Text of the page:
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Fact, truth tangle in Baylor Theatre’s ‘Lifespan of a Fact’

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"The Lifespan of a Fact"

A writer and magazine fact-checker wrestle over verifiable facts and a higher truth in Baylor Theatre's "The Lifespan of a Fact."

Is there a difference between factually true and true? Is truth always verifiable? Can fact and fiction coexist or is truth a zero-sum game?

That’s the territory explored in the play “The Lifespan of a Fact,” presented Thursday through Saturday night at Baylor University’s black box Theater 11 in the Hooper-Schaefer Fine Arts Center.

The 2018 play, written by Jeremy Kareken, David Murrell and Gordon Farrell, is adapted from the book of the same title co-written by John D’Agata and Jim Fingal.

The book’s two authors are the real-life story’s central characters. D’Agata is a writer who penned the piece “What Happens There,” about a suicide in Las Vegas and the culture there that might have encouraged it. Jim Fingal is the fact checker for “The Believer” magazine that ultimately published D’Agata’s essay, but not without years of dialogue and discussion between the two men on what could and should be printed.

For Baylor graduate student and director Marian Barshinger, the story and play provided plenty of material to think about for someone who creates art: Is there a difference between the truth found in factual reality and the reality from beauty and art?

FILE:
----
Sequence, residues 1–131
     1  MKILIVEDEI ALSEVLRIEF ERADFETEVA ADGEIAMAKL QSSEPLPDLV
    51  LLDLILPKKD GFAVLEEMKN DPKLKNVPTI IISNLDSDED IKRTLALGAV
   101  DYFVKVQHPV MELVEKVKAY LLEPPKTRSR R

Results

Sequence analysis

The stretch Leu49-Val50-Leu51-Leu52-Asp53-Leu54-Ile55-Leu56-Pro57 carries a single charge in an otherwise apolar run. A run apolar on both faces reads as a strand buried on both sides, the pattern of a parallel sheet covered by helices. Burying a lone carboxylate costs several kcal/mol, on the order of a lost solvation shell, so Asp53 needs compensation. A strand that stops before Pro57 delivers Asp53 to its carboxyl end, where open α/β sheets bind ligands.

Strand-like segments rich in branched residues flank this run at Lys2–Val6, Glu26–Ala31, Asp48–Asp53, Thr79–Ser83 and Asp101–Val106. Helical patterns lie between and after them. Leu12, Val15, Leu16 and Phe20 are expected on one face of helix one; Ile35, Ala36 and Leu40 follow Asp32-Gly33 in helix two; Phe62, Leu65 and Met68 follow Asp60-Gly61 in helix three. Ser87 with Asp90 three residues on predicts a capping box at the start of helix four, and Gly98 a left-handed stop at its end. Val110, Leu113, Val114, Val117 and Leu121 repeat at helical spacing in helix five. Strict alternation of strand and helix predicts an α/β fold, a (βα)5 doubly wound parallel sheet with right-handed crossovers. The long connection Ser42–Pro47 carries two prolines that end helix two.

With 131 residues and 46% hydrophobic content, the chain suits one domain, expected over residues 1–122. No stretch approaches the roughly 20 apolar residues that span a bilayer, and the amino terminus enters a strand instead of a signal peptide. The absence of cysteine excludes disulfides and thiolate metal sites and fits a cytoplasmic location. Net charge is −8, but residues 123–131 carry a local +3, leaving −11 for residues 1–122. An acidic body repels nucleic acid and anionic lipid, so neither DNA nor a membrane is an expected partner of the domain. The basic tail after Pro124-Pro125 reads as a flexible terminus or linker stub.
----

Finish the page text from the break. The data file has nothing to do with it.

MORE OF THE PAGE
“It’s interesting to explore that tension. (The play) doesn’t actually give us the answer, but asks the question,” she said.

The interplay between D’Agata (Mitchell Hall) and Fingal (Joseph Tully), expanded at times with the addition of editor Emily Penrose (Stella Pozzuoli), drives the play, its wit and ideas serving as action pulling the story forward. “None of the words are wasted. I think it’s incredibly engaging,” she said. “We want someone to be right and they kind of both are.”

Making the play even more relevant, she said, is the current “post-factual” time when provable facts no longer seem to carry an argument.

A native Pennsylvanian, the 28-year-old Barshinger got sucked into theater by an older sister who would eventually create her own company, Players of the Stage. Barshinger studied acting and directing at DeSales University and found an affinity for directing that brought her to the Baylor program. “I found I loved telling the story and shaping the overall story,” she said. “I want to make a safe place for actors. My job is to help actors discover what the play is about.”

“The Lifespan of a Fact” contains strong language and mature subject matter. The Thursday and Friday performances are sold out.

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